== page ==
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The Service/Politics Split: Rethinking Service to Teach Political Engagement*

Published online by Cambridge University Press:  02 September 2013

Tobi Walker
Affiliation:
Eagleton Institute of Politics, Rutgers University

Extract

Over the past few years, I have experimented with a classroom exercise that encourages students to think about how they perceive service and politics. I ask the students to create lists of service activities and political activities in which they and their friends and families engage. The service list typically includes such activities as working in a soup kitchen, delivering meals to the homebound, tutoring in the school system, and cleaning up parks. The list of political activities usually includes things like voting, protesting, raising money, lobbying, letter writing, and running for office.

Turning students' attention to the list of community service activities, I ask them to give some adjectives that people might use to describe the listed projects. The students usually offer such descriptors as altruistic, caring, helping, selfless, and giving, as well as individualistic and one-on-one. Often, the students will also add the words selfish or insincere to describe those students who engage in community service to enhance their resume or earn academic credit.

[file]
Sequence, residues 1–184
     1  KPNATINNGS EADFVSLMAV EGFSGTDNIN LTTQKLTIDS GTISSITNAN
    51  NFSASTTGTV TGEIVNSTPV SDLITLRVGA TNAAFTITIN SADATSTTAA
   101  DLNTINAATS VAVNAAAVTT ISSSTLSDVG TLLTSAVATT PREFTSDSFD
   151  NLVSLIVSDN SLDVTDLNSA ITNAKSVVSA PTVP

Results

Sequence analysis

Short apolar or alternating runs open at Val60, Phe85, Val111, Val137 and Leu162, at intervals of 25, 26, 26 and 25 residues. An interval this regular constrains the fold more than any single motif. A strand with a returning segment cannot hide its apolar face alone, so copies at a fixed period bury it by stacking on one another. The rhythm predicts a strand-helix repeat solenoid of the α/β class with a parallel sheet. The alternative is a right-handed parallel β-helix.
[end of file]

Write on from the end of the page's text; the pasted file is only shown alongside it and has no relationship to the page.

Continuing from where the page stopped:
Asked for adjectives that describe politics, the words come fast and furious—dirty, corrupt, ambitious, crooked, dishonest, compromising, slow. After the initial rush of negative descriptors and with little prompting on my part, students will also talk about politics as a means to affect social change and make a difference for groups of people.

I have used this exercise with audiences ranging from young women uninterested in politics, to young people planning careers in politics and policy making, to foundation officials.

Type
Special to PS
Copyright
Copyright © The American Political Science Association 2000

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References

Baker, Paula. 1984. “The Domestication of Politics: Women and American Political Society, 1780-1920.” American Historical Review 89:620–47.CrossRefGoogle Scholar
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